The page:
At seventeen I fell in love with my literature professor. He was a philosopher and self proclaimed feminist who wanted no children and thought that women should be sterile if they wanted a career and a true life of freedom. Call it an act of adolescent rebellion, the "reckless" desire to be fully a woman for a couple of days, whatever, but I "unconsciously" and systematically forgot to take my birth control pills and defied him. Thinking back through our mothers, as Virginia Wolff said, I know today that with each pregnancy I defied him as much as I defied the politics of sterilization that took my mother away from me. It was not a rational behavior, of course, when one is looking for a strategy of survival with very limited tools one uses what makes sense in a sick way. I wanted control over my body and the way I chose to have control could not have been more terrible. Getting pregnant brought a strange feeling: I could bring it on with nobody's permission and I could interrupt it with nobody's permission. Of course this did not mean that I wanted to do it again and again -- a druggie also wants to stop every time. I was a creature in suspended animation addicted to the high of agency in pregnancy and the shame of the down side, the inevitable termination built into the cycle in order to not lose him and also in order to be close to my mother, by identifying with the subjugated, powerless version of her. My blinding desire for control was at the core of my neurosis. This desire, I am certain now, was informed by my mother's lack of it in the face of her family, her marriage, her culture, and La Operacion.
Yes, context is crucial yet I'm solely responsible for my actions. At the books' core is one woman's attempt at grasping life's meaning by asking how conscious she is of what she does to earn a feeling of worth and by what lies she tells herself. I thought this alone was good enough reason for the story to deserve to be published.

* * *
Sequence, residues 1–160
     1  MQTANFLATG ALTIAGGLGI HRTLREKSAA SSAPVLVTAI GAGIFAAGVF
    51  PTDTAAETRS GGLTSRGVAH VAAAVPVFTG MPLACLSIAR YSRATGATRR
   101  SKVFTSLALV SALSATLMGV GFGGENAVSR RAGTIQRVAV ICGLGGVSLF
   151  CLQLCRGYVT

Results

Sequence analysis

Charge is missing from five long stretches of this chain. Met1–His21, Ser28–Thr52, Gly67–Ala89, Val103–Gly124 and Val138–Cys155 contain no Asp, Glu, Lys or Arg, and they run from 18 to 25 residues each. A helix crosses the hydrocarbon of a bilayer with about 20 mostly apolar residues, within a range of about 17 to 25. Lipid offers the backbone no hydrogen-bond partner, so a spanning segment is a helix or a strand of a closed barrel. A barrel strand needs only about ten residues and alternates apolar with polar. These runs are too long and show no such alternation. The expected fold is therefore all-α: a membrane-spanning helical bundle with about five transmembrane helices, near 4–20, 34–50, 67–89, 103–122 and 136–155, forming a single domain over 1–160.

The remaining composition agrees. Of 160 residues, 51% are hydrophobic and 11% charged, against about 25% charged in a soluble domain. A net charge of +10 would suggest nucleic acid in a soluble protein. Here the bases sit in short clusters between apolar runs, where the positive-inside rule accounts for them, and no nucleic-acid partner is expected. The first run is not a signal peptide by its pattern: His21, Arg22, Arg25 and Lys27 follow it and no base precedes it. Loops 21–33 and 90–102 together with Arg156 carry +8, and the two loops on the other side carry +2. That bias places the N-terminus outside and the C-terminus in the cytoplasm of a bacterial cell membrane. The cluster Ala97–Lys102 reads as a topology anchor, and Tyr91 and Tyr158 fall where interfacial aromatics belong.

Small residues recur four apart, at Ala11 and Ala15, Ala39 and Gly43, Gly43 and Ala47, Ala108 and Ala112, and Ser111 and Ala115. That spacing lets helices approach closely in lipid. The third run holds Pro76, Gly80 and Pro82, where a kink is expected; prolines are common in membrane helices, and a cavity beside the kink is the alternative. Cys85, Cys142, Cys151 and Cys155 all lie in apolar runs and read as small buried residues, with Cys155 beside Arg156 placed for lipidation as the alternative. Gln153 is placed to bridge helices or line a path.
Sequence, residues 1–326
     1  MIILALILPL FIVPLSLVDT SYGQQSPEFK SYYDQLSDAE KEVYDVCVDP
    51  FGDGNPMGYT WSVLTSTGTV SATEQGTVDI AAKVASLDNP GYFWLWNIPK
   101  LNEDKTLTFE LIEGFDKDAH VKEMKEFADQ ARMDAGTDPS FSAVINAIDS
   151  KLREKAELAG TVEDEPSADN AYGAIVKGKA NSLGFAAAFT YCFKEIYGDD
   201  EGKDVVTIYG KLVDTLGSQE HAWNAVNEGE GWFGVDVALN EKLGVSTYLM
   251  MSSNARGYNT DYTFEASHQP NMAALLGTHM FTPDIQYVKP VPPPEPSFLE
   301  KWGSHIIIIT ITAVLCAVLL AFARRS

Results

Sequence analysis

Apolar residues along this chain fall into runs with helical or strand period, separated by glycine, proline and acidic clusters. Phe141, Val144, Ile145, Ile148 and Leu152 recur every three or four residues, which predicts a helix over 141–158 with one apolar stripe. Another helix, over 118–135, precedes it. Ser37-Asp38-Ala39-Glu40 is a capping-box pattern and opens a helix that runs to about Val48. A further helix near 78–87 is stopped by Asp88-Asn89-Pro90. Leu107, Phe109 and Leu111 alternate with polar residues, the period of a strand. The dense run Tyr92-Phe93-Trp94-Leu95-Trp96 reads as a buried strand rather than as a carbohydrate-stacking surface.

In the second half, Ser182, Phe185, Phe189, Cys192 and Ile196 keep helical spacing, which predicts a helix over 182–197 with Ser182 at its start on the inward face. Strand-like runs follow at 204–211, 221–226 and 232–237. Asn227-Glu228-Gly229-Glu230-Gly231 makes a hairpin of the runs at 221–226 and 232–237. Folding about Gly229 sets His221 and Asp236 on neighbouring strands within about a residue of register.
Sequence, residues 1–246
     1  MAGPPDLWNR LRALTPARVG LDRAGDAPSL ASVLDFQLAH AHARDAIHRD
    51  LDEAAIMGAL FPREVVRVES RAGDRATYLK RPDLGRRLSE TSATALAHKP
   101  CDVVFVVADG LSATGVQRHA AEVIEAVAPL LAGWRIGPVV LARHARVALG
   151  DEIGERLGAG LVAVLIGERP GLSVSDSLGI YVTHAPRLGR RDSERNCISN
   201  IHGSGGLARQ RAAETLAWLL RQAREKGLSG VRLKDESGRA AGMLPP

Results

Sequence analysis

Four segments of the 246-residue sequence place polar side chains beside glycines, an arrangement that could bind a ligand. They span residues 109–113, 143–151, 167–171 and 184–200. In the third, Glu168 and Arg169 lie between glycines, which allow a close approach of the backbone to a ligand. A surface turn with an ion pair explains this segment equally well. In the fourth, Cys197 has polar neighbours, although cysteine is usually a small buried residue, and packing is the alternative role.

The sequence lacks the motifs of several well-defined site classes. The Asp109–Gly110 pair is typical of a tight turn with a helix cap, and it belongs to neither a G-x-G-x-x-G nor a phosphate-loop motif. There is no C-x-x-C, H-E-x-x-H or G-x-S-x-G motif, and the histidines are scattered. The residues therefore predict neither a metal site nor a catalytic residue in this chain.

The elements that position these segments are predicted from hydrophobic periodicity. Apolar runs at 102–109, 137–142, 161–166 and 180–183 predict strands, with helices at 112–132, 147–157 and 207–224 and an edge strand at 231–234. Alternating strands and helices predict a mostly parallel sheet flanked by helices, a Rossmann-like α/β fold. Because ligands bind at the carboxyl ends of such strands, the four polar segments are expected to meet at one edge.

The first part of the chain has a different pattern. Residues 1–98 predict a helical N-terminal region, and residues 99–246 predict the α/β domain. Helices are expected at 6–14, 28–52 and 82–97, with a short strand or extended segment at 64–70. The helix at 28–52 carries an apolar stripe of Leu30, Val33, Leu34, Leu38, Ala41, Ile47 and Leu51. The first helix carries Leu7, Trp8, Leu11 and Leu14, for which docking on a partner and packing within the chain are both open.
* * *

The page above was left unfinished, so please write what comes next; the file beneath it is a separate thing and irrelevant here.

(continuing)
The top editors in the publishing industry, nevertheless, spoke the condition of this country's abortion politics. I could not explore a personal experience anchored in what perhaps is the most controversial and inflammatory issue in American society. My account -- and the editor who took this book on -- would not withstand the merciless judgment that comes with reality. I knew the book was fated to be politized and thrown into the flames of polarization. I knew I was fated to be largely misunderstood. That part was no news. What struck me was the built in censorship and the absence of an independent spirit in what is an open democracy. Where had the sensible and visionary publishing of the likes of Pantheon's Andre Schiffrin gone to? I had been an editor myself for the last decade in academic publishing, where still some intellectual freedom survived, and this gave me the hope that I had to keep on looking somewhere else than commercial publishing.
Within a month of this realization I found Judith Gurewich, a most courageous publisher who with her Other Press has revived the artisanal life of books and rejected the ways of conglomerate book business. She is a free thinker, a doctor in sociology with two law degrees, an analyst, and a woman. And she values my motives. She saw that "Impossible Motherhood" could help women understand the plight of pregnancy fantasies and also the danger of false liberation strategies. As the book hits its publication date of October 6th we both are keeping our fingers crossed that the story can transcend people's prejudices.